Once you’ve located a website that you’re genuinely interested in, it will be time to take a closer look. Below are 12 specific elements you want to verify before you decide to purchase a website. While the following are not the only criteria, these are considered the more important factors. Be sure to also check out the third-party resources (listed below) to ensure you’re getting an honest deal. This, of course, will reduce your risk and ensure the Seller is being honest about all the website’s claims.
1. Website Traffic. Anyone who has ever heard the saying ”build it and they will come” has never owned a website. Even over income, the most important factor is traffic because, without traffic, it’s difficult to generate revenue. Some may say that income should be listed first but with no traffic, a website is worthless.
Anyone serious about selling their site will always provide traffic statistics. They will typically contain a series of statistical metrics to help you analyze the site for sale. The two most important statistics are unique visitors and site referrers.
Let’s take a closer look at each one: You want to always focus on unique visitors and not “hits.” The differences between the two are easy. For example, if a webpage has six graphics and the webpage itself, it would be considered seven hits, one hit for each graphic and the HTML page. Unique visitors are just that, individuals who visit your website — this is what counts when looking at a website’s traffic statistics.
Site referrers, or referrals, indicate how a visitor found the site. For example, if someone came from Google, it will indicate as such and usually, the search phrase (also referred to as “keywords”) is used to locate the website. If other websites are linking to the site, it will usually display the web address (URL) where the visitor clicked to visit your site. The following are two examples…
From a search engine such as Google, you’ll notice that it indicates the search engine and the keywords used:|
From a website where the link is embedded:
One thing to look out for is if the seller uses paid advertising such as Google AdWords or other search engine advertising. If nothing else, the seller must tell you if they use advertising. If they do not disclose this information, I consider it to be deceptive because who is to say they would not be honest in other areas when trying to sell their website. Luckily, it’s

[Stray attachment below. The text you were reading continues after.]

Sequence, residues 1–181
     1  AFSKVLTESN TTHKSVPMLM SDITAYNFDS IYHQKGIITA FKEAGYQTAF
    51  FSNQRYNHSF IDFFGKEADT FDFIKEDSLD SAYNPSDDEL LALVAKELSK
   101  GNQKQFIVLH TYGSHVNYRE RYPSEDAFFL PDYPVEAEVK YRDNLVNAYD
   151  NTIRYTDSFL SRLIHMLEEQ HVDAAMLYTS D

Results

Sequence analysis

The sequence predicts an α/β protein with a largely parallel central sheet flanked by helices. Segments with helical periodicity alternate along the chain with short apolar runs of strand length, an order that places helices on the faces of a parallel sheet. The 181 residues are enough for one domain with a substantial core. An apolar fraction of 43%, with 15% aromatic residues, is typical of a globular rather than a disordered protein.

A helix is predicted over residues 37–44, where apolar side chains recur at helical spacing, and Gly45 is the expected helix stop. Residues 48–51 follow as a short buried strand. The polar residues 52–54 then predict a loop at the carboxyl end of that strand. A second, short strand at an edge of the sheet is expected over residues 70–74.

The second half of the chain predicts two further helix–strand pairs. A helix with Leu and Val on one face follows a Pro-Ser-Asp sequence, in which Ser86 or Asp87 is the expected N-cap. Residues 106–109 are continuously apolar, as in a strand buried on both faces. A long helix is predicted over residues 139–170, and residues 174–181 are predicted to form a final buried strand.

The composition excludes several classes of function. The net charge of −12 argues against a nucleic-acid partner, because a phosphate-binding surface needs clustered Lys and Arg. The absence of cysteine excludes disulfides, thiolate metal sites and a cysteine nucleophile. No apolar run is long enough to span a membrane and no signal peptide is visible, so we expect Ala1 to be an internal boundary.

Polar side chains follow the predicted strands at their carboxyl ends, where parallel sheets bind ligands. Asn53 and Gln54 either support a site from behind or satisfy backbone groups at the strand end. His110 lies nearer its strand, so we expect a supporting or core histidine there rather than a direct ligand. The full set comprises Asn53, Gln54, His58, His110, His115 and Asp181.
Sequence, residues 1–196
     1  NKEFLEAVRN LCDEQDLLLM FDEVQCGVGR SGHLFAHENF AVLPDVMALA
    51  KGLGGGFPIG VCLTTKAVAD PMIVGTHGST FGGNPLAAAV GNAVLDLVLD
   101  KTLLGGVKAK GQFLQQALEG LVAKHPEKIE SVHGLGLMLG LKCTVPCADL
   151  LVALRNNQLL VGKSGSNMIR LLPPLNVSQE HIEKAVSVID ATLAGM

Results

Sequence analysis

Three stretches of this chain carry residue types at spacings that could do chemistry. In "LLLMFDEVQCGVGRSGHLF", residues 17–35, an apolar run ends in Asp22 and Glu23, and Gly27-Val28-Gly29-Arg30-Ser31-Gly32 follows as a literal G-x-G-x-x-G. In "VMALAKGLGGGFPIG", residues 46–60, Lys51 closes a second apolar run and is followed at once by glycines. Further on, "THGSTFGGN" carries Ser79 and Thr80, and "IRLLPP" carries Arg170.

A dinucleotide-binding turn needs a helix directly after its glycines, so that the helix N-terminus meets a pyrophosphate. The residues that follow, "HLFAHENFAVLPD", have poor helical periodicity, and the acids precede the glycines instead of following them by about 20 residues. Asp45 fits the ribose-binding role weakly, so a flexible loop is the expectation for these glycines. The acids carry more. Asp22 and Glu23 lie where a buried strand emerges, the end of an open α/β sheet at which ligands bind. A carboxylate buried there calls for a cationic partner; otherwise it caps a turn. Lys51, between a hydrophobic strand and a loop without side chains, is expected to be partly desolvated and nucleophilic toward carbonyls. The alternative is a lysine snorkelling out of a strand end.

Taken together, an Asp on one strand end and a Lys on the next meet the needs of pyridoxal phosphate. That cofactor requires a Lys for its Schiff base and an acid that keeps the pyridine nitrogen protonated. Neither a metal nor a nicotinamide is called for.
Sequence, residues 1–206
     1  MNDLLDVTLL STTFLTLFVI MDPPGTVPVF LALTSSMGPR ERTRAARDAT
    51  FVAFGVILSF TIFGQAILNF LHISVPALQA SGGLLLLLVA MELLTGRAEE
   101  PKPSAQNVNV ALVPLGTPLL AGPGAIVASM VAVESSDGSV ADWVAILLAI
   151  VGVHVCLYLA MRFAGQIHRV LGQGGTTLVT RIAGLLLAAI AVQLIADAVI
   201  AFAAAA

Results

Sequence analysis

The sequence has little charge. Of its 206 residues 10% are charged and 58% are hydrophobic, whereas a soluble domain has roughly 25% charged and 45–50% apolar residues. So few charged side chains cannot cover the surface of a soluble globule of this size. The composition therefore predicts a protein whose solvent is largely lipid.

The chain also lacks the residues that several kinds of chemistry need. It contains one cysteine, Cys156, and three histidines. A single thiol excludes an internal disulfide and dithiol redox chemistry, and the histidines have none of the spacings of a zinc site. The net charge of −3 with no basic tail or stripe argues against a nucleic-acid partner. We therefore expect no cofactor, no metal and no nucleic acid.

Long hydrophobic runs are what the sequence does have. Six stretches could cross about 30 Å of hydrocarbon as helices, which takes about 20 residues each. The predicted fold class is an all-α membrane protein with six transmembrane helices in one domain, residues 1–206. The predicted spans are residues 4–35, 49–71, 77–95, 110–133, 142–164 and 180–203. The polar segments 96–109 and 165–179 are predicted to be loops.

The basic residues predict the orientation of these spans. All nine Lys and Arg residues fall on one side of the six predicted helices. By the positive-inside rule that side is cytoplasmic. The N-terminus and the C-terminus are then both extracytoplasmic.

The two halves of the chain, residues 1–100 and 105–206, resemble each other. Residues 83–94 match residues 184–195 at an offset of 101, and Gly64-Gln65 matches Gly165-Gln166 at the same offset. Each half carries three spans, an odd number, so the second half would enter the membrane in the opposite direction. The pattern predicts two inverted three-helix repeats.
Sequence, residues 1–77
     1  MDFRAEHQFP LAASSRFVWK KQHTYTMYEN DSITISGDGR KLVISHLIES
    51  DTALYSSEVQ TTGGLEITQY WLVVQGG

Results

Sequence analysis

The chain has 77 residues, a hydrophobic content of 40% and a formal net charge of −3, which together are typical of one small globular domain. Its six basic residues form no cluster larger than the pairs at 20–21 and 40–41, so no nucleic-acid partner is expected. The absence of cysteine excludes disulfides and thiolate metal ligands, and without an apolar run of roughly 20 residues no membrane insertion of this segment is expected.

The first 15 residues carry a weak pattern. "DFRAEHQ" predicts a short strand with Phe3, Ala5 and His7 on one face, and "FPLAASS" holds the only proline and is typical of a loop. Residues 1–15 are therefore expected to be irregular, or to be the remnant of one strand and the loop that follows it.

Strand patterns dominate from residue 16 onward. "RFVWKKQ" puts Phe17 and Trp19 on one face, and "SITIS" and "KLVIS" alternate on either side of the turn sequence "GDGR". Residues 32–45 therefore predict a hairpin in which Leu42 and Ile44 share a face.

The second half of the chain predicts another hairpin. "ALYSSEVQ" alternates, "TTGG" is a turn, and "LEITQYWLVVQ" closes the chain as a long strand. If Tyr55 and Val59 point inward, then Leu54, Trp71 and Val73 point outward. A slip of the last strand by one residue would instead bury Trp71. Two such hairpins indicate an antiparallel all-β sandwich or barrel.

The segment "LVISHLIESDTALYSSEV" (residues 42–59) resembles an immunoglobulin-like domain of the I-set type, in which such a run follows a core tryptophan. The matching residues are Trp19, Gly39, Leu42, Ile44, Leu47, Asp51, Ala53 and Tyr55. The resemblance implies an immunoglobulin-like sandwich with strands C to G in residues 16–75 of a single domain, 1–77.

rather obvious in the referrer section of a website’s traffic report. Here’s an example of a referral link from Google AdWords:
In another post, Third-Party Resources, I discuss Alexa as another indicator regarding the amount of traffic an established website receives. While Alexa is not 100% accurate, it will help confirm traffic stats.
2. Website Income. The best way to prove income is for the seller to provide “screenshots” of the revenue. Whether it’s through PayPal, Google Checkout, Clickbank, or other income sources, you want to see proof of a money trail. The further back their history of sales they can provide, the better. Another method is to let a seller provide you access to their accounts.
Luckily, PayPal (provided they are the account owner), allows anyone authorized limited access to one’s account. This is another method to let you know if the Seller is being honest about the website’s income. One of the challenges is if the owner has multiple websites that are
controlled by one account. For example, when I was selling one of my beat-a-traffic-ticket websites, I had more than 12 other websites that I funneled income into one account. This would be a hindrance but you can usually sort transactions by the amount or email address.
3. Graphic/images. A very important issue is to make sure all the graphics are original. I’ve repeatedly heard horror stories of companies such as Getty Images claiming that a website used their graphics without authorization. Be sure all images are owned by the current website’s owner and not “borrowed” from another website.
4. Niche. Niche websites are typically small websites (usually less than 100 pages) that are focused on a corner of a particular market. They let you offer your target niche market a product or service that they can’t get from a larger more established supplier. The more specialized a website, the greater chances of receiving quality traffic and meeting a specific need. This is why niche websites are in demand. If you locate a niche website with a fast